Saturday, April 30, 2011

You Don't Know Zenobia

statue carved by Harriet Goodhue Hosmer
Mind, you, neither did I.  I was visiting the Huntington Library and Garden, and fell in love with this stunning statue.  I wanted to use it in my Z post, because I figured no one else would be blogging about Zenobia, and I had this foggy idea she was the Alexandrian librarian and scholar killed by a mob of Christian zealots in the 4th century.

Actually, no, that was Hypatia.


Zenobia was a 3rd century Syrian queen who conquered Eqypt and told the Roman empire to take their gladius(es?  gladia?)and pilums and stick 'em where the sun don't shine.  However, like her ancestor Cleopatra, Rome ended up defeating her troops, and Aurelian  paraded her through the streets in golden chains.

Both women were brilliant and fascinating historical figures.  From Wikipedia:

The contemporary Christian historiographer Socrates Scholasticus described her in Ecclesiastical History:
There was a woman at Alexandria named Hypatia, daughter of the philosopher Theon, who made such attainments in literature and science, as to far surpass all the philosophers of her own time. Having succeeded to the school of Plato and Plotinus, she explained the principles of philosophy to her auditors, many of whom came from a distance to receive her instructions. On account of the self-possession and ease of manner which she had acquired in consequence of the cultivation of her mind, she not infrequently appeared in public in the presence of the magistrates. Neither did she feel abashed in going to an assembly of men. For all men on account of her extraordinary dignity and virtue admired her the more.[8]
Sources also describe Zenobia as carrying herself like a man, riding, hunting and drinking on occasion with her officers.[2] Well educated and fluent in Greek, Aramaic, and Egyptian, with working knowledge of Latin, tradition accords her renown for hosting literary salons and surrounding herself with philosophers and poets, the most famous of these being Cassius Longinus.[2][3]

Too often, women are portrayed as invisible, powerless, or purely sexual objects in movies or historical fiction, not as the strong, powerful, integral part of society they often were.  As the old Chinese proverb says, "Women hold up half the sky."  (The statue of Zenobia, above, was created by a female sculptor in 1859, then debate raged for some years because it was thought too good to have been created by a woman.)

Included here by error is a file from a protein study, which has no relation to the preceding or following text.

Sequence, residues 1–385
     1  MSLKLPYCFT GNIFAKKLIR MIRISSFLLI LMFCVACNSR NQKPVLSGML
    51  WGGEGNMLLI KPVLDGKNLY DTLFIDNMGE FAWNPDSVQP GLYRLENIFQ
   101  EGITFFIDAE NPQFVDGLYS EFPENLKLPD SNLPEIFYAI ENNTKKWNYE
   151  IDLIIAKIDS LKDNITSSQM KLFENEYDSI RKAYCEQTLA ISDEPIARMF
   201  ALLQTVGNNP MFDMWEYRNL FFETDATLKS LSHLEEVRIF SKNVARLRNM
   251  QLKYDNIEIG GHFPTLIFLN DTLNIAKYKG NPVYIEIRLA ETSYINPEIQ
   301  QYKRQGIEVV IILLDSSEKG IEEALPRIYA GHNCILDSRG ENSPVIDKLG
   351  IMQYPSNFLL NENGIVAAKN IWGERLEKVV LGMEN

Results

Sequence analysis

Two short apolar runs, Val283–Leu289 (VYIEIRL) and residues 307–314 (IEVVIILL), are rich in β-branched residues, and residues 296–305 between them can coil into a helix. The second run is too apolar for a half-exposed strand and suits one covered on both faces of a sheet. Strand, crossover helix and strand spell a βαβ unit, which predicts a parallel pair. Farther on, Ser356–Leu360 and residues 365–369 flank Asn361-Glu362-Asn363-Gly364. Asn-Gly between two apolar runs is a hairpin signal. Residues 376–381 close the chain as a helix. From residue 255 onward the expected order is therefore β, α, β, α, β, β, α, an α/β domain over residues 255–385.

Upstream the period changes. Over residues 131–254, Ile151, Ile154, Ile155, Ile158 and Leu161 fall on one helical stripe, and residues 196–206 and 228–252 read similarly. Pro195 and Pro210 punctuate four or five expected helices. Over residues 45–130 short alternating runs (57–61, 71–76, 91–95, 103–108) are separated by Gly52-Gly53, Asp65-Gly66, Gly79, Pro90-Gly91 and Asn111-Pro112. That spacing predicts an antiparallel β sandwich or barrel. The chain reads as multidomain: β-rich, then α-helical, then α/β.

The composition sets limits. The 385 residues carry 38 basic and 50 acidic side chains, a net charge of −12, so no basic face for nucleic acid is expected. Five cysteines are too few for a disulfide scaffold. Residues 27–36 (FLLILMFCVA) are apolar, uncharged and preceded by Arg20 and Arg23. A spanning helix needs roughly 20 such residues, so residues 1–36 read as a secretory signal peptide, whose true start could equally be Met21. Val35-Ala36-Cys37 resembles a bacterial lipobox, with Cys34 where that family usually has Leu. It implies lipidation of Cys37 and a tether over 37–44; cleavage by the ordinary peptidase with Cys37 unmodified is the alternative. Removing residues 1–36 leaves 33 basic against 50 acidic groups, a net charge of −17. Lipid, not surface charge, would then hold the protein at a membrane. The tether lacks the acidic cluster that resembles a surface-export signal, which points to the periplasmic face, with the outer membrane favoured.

History is recorded by the victors, and details may be altered to make for a more flattering account, or to please the current powers-that-be.   Political correctness is not a recent invention.  Then when Hollywood gets its hands on it... whatever truth might have remained often gets tossed out the window, in the interest of "telling a better story." 

Some recreations are amazing.  I though James Cameron's Titanic was very well done, as was the HBO mini-series John Adams.  Others...

Does it matter that people believe the Oliver Stone version of the JFK assassination, the Ron Howard vision of Apollo 13, or that Achilles, as portrayed by Brad Pitt in Troy, was straight?

Is it more important to get the look and feel of the period right, or the facts straight?

Does it matter that in many movies, Catherine of Aragon, Henry VIII's Spanish wife, is portrayed with black hair, thick black eyebrows and an olive complexion, rather than the way she really looked?

Is that a picky detail that nobody cares about, or a sign of sloppiness or laziness on the part of the casting and costuming?

Or that Henry, in later years, looked like this                                     Rather than this?

Which Henry would you rather have climbing on top of you?

Personally, I cringe at the whole "let's make it a better story" mindset.  As a writer, I understand that sometimes people and events needs to be conflated to make for cleaner storytelling.  In Gone with the Wind, the book, Scarlett had two sisters and three children, while in the movie she only had one of each, but that was one form of fiction being translated to another.

I'm not as comfortable with "cleaning up" historical figures and events, and making them more the way we might wish they had been.  That way leads to Dinosaur Adventure Land, where kids could learn about how Jesus was buds with the Dinosaurs, and how dinosaurs might still be around today.

Call me a stick-in-the-mud, but I'd rather have verifiable facts than truthiness.  I'd rather not have women Photoshopped into or out of historical recreations, but portrayed as accurately as possible.  And yes, I want them to get the damn hair color, age, sizes, and shapes of the major players as close to accurate as possible, too.

What annoys you about historical recreations?  
What do you think they get right - and where do you think they get off-track?

And with this, dear readers, I am done with the A-Z challenge!  Did you make it all the way?